Parking on the Zigzags

parking on the zigzagsYesterday morning we walked around to the main entrance of my son’s school, rather than going in our usual way.  I was quite shocked to see someone parking on the zigzags outside school. Now I thought parking in the bus stop was bad enough, but surely anyone who cares about children wouldn’t park on the very road markings designed to protect children?

The man who parked there was driving an Audi TT; was quite a dapper dresser and someone said he’s a plastic surgeon.  Apparently, his wife parks there too when she drops the kids.   This morning there was another different Audi parked on the zigzags.  What is it with these people?  Do they think they are above the law?  Do they have such a disregard for children’s safety that they are happy to put lives at risk?  Do they even think about what they are doing at all?  Would they be put out if someone nicked ‘their spot’?  The school regularly ask parents not to park inconsiderately, but it does seem to be ignored.  Most parents do park legally and considerately, but there are just a handful that don’t.

There seems to be a pattern though.  It’s those that drive expensive cars (I’m thinking BMWs, Audis and Mercedes here) that seem to think they are above the law and don’t have to worry about how their actions could affect others.  Does buying that sort of car turn you into that sort of person?  Or do those sort of cars only appeal to that type?  I can’t afford that sort of car, but if I could and did buy one, I don’t think I’d act like that.  I’ve noticed that BMW drivers in particular can be inconsiderate to other drivers on the road.  What’s your experience?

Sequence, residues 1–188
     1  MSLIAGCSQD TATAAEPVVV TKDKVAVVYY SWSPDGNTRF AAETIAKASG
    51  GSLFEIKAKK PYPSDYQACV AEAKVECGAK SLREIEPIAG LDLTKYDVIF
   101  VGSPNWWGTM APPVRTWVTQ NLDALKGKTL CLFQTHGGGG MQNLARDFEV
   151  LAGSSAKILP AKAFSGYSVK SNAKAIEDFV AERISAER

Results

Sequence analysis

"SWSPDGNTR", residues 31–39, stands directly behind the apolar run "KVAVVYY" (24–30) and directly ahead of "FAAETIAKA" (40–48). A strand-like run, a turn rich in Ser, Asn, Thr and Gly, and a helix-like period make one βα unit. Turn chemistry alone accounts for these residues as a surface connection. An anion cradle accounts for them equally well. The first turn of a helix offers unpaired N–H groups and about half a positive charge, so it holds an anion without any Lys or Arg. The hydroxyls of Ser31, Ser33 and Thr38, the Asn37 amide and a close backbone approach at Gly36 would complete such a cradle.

bullyingWe tend to walk home from school with the same children every day.  Generally, it went well. Not all the children were the greatest of friends in school.  Don’t get me wrong, it wasn’t that they didn’t get on, but with more choice of companions in the class, they picked other children to hang around with.  Obviously, there was the odd disagreement, but fairly infrequent.

Then some time last year things changed.  Occasionally another child would join us and J had problems with that child ganging up on him with the others.  Then it seemed to spread, it was like the other children had learnt that J was a good child to pick on.  They ganged up on him.  He complained about been hit or kicked.

So soon J was getting upset most days about what was happening on the way home.  He isn’t very articulate when he’s upset, so it’s difficult to work out what was happening there and then.  The other children weren’t always told off by their parent, partly because what happened often started when the children were walking behind the adults.

We talked about it; developed strategies; and we had some success.  More incidents happened in front of the parents, so more action was taken the children who started things.  Another child walked with us one day and got the same treatment as J, but was more articulate when upset and got the message across.  Action was taken.  At the end of the last school year, things seemed to be working better.

Then we had the holidays and J seems to have forgotten the techniques and strategies that worked for him.  We are working on them again, but it’s taking a while.  How difficult is it trying to help children deal with difficult social situations?

Is it bullying? It does feel a bit like it, but I don’t want to label small children as bullies, when they are still working out how to behave.  It needs to stop though.